The Justice Department will spend $4.75 million to create a center to collect racial data on police stops, searches and arrests in an effort to shine a light on a perceived bias against minorities.
The initiative, announced by Attorney General Eric HolderEric Himpton HolderArkansas legislature splits Little Rock in move that guarantees GOP seats Oregon legislature on the brink as Democrats push gerrymandered maps Christie, Pompeo named co-chairs of GOP redistricting group MORE on Monday, springs directly from the 2012 killing of teenager Trayvon Martin, which sparked a national debate about racial issues in the criminal justice system. The incident prompted President Obama to direct the agency last July to study ways to relax tensions between minorities and the nation’s law enforcement agencies.
In a video statement issued Monday afternoon, Holder pointed to a recent study finding that roughly half of all black men in the United States are arrested at least once by age 23. The same study found that black men were six times more likely to be arrested than white men in 2012.
“This overrepresentation of young men of color in our criminal justice system is a problem we must confront — not only as an issue of individual responsibility but also as one of fundamental fairness, and as an issue of effective law enforcement,” Holder said.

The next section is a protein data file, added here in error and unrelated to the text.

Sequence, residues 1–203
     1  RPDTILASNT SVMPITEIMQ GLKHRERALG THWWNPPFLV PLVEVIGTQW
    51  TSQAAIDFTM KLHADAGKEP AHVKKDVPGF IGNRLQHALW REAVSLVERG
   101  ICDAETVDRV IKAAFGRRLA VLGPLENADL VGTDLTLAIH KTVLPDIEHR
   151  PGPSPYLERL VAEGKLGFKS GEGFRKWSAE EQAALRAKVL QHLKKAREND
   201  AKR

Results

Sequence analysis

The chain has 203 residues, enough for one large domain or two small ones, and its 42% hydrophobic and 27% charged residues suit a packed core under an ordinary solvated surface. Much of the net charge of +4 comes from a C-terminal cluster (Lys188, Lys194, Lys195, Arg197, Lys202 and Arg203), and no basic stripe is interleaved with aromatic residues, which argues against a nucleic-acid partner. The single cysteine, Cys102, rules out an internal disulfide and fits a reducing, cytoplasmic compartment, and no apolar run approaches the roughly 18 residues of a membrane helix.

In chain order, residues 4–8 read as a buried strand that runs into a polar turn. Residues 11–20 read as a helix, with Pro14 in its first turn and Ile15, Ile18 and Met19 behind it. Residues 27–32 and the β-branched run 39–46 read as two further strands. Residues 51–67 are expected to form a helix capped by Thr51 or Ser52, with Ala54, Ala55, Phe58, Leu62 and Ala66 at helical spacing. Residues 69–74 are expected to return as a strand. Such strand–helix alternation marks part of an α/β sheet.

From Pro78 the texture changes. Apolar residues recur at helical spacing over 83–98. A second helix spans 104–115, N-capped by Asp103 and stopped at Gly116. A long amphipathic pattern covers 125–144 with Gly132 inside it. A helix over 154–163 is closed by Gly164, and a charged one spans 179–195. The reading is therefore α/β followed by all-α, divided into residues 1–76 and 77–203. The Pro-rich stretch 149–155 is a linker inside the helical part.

“We know — from research and from experience — that when people are treated fairly by police and other justice system agencies they are more likely to accept decisions by the authorities and obey the law in the future, even when they are penalized by criminal sanctions,” he continued.
The new National Center for Building Community Trust and Justice will be tasked with analyzing data on stops and searches, arrests and case outcomes.
The project will be funded through a grant program administered by the Justice Department’s Office of Justice Programs, the COPS Office, the Civil Rights Division, the Office on Violence Against Women and the Community Relations Service.
The initiative will also involve the implementation of strategies to curb bias at five initial pilot sites.
“Of course, to be successful in reducing both the experience and the perception of bias, we must have verifiable data about the problem,” Holder said.
The effort is the latest in a series of agency actions Holder says will promote fairness in the criminal justice system. The agency has also implemented new charging policies for certain drug cases to keep some offenders from facing mandatory minimum sentences, and is working on regulations designed to tamp down on racial profiling.